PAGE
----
Air Conditioners

Domestic air conditioners manufactured on or after 1 March 1986 must have a noise label securely attached in a conspicuous position displaying the sound power level. It is against the law to sell a domestic air conditioner without an affixed noise label.

Air Conditioner Noise and the Law

Under the provisions of the Protection of the Environment Operations (Noise Control) Regulations 2008 a person must not cause or permit an air conditioner to be used on residential premises if noise is audible within a habitable room of any other residential premises regardless of whether any door or window to that room is open:

  • before 8am or after 10pm on any Saturday, Sunday or public holiday
  • before 7am or after 10pm on any other day

Action may be taken in regards to breaches of the regulations and after an investigation and verification of the noise this may escalate to prevention notice noise notices and/or penalty notices being issued for breaches of these regulations for corporations or individuals.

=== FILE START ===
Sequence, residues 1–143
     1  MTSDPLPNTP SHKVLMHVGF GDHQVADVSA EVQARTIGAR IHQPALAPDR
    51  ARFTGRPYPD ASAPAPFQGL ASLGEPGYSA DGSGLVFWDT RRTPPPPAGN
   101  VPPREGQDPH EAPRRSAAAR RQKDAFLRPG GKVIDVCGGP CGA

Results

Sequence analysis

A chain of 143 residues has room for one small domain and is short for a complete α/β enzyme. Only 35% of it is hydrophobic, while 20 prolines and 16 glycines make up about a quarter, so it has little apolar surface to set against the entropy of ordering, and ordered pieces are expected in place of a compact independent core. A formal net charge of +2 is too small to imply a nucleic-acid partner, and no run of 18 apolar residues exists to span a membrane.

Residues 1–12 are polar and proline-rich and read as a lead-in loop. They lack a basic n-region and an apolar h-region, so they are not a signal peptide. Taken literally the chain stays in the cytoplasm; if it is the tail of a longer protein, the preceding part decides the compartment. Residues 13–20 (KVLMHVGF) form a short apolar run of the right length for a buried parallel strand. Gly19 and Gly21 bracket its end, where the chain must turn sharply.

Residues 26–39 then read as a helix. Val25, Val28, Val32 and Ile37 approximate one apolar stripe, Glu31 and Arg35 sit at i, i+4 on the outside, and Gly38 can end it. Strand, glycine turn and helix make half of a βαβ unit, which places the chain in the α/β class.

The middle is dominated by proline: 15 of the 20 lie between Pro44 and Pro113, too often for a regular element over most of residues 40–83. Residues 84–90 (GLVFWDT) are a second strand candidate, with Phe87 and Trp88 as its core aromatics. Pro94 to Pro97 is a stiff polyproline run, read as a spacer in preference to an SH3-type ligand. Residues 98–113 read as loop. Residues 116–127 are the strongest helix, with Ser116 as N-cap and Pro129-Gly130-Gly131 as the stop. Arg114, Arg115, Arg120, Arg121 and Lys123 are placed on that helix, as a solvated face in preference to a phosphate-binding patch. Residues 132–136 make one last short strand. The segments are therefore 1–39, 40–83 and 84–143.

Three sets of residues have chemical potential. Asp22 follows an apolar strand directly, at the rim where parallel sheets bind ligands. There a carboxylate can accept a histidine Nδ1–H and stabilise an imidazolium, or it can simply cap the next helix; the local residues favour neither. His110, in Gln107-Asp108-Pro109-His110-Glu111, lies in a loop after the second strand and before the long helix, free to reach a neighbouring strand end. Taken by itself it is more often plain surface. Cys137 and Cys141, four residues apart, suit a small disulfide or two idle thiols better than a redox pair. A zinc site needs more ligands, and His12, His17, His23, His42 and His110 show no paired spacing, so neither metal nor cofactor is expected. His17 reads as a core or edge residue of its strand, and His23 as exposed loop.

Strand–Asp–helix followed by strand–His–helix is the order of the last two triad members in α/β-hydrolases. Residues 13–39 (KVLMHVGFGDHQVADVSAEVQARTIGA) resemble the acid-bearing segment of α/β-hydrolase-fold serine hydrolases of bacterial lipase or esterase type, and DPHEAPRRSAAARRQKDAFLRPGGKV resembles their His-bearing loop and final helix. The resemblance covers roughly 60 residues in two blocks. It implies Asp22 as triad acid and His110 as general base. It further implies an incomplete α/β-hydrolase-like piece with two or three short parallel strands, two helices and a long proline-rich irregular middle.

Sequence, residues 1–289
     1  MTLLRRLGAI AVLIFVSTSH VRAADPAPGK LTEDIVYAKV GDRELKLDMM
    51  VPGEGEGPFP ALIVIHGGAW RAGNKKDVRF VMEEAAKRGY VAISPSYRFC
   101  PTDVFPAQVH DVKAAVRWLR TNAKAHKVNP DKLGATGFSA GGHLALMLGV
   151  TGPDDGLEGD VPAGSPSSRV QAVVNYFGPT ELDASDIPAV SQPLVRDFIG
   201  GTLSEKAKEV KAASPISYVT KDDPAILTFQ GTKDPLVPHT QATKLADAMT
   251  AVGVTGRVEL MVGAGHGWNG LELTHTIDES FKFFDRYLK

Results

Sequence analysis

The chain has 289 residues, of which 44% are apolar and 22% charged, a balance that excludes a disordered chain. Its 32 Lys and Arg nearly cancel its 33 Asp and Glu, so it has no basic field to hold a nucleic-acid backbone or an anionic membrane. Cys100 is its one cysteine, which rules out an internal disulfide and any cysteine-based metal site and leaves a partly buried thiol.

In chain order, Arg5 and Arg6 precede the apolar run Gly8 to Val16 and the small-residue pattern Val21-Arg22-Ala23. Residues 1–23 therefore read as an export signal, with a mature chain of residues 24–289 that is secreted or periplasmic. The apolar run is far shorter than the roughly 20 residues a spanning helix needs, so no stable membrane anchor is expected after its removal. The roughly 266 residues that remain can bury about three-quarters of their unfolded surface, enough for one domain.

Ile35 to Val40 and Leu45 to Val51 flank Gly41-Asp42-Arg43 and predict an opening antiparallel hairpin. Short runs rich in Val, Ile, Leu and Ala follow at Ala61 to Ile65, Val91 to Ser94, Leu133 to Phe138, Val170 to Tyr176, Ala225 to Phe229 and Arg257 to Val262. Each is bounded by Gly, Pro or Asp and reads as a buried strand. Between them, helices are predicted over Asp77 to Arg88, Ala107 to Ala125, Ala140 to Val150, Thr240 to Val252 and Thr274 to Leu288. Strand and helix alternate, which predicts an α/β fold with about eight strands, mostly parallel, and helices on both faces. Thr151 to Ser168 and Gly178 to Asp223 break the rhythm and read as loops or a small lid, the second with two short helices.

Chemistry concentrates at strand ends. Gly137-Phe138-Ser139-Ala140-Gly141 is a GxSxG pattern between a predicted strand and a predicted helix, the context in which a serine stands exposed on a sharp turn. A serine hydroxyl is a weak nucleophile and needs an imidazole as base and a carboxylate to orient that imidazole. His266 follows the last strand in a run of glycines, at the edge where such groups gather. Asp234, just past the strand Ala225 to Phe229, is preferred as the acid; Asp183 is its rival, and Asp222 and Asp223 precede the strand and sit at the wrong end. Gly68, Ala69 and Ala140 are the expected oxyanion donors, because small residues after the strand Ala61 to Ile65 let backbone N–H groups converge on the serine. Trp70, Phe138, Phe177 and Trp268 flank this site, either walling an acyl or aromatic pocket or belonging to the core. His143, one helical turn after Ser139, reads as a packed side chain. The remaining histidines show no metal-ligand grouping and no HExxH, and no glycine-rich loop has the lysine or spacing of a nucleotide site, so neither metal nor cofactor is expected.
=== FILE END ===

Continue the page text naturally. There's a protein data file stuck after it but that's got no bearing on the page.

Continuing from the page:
Before getting in touch with the Mosman Council, you should consider contacting your neighbour to work out a solution to your noise concern. Ensure that you write to the neighbour advising them of the noise issue and the impact it is having on the repose of your premises.

If this approach is not successful and noise is recurring, you may consider contacting a Community Justice Centre . The government-funded but independent organisation specialises in settling neighbour disputes without getting into lengthy or expensive legal processes.

A complaint can be made to the Council if the above is not successful in solving the problem. It is important to keep records of all relevant details of the noise occurrence date, time, type of noise, origin of noise and disturbance, including action already taken and the offending property address.

Please note the Council can only assist and take action on your behalf if the presence of offensive noise has been established and that the noise source and occurrence verified.

If you are affected by offensive noise, you can seek a noise abatement order under law. Please visit the NSW EPA website for more details.